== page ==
Newspaper article THE JOURNAL RECORD

A Stock Market Tip: Listen to the Whispers

Newspaper article THE JOURNAL RECORD

A Stock Market Tip: Listen to the Whispers

Article excerpt

NEW YORK -- As an investor in stocks you have of course heard about whispers. You haven't? Then there's a good chance you're not getting the very latest and best forecasts of corporate earnings.

The whispers referred to are not the old-fashioned kind -- "Psst, have I got a stock for you" -- but the new electronic sort.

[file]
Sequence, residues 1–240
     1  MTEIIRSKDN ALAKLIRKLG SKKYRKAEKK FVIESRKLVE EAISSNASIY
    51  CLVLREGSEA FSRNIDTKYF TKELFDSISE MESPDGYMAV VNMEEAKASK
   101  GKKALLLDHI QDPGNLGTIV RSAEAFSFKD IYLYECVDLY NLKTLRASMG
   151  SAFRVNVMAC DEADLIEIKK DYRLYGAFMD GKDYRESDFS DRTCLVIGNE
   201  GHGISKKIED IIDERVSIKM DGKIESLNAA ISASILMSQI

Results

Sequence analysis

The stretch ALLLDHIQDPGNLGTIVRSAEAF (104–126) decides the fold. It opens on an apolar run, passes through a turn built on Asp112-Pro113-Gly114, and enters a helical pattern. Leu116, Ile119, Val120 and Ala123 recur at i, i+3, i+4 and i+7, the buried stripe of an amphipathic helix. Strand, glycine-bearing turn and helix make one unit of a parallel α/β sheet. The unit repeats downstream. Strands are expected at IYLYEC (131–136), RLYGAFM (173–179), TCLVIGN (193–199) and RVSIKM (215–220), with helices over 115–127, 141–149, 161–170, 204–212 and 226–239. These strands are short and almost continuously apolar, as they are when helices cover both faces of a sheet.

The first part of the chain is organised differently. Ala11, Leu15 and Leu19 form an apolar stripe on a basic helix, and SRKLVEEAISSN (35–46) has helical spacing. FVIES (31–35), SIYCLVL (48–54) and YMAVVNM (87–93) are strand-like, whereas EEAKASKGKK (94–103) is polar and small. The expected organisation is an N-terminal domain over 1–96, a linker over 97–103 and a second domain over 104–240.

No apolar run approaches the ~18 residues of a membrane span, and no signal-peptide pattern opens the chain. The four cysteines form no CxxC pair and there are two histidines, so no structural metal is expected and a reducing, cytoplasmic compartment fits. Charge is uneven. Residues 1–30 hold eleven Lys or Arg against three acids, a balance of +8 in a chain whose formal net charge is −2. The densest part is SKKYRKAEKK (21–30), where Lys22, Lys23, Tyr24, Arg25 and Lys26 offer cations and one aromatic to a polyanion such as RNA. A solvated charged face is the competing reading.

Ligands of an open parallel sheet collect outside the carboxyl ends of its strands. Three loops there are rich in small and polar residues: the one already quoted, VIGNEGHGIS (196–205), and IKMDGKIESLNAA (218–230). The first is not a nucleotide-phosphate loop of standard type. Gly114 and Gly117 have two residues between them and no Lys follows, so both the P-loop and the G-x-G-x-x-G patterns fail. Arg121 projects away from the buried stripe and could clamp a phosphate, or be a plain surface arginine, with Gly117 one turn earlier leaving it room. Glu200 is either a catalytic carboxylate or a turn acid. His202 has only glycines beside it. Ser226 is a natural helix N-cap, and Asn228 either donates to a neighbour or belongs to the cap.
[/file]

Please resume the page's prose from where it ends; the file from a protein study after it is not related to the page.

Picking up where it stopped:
As newly defined, whispers are somewhat mysterious estimates that appear on computer Web sites prior to the release of corporate earnings. They are unsourced; seldom can you find their origin. But on average, they can be more accurate than professional estimates. If you want a short-term investing edge, therefore, listen to the whispers. It's what clever Internet-bright investors are doing, and a university study suggests that they may be profiting. The computer nerd seems to have joined the investing mania. Like old-fashioned rumors, whispers are pass-along information newly fashioned for the Internet. They could be nothing more than the source's personal estimates, but who knows -- they also could be based on what is sometimes called inside information. A university study indicates that whispered earnings projections are more accurate than analyst estimates offered by First Call, whose reports are the most widely used in the marketplace. And that savvy traders can use them to make money. Professors Mark Bagnoli of the University of Michigan, Messod Benish of Indiana University and Susan Watts of Purdue University began their study at the most elemental level: They simply began searching under the key word "whisper." It seems nobody had ever gathered and analyzed whispers. In fact, the researchers could find no mention of the term before 1984, and interest didn't seem to grow until around the time of a Wall Street Journal article in 1997. In all, they gathered 943 whisper forecasts for 127 companies and compared them with forecasts by more than 3,500 traditional analysts as provided by First Call, a division of Thomson Financial Services. …

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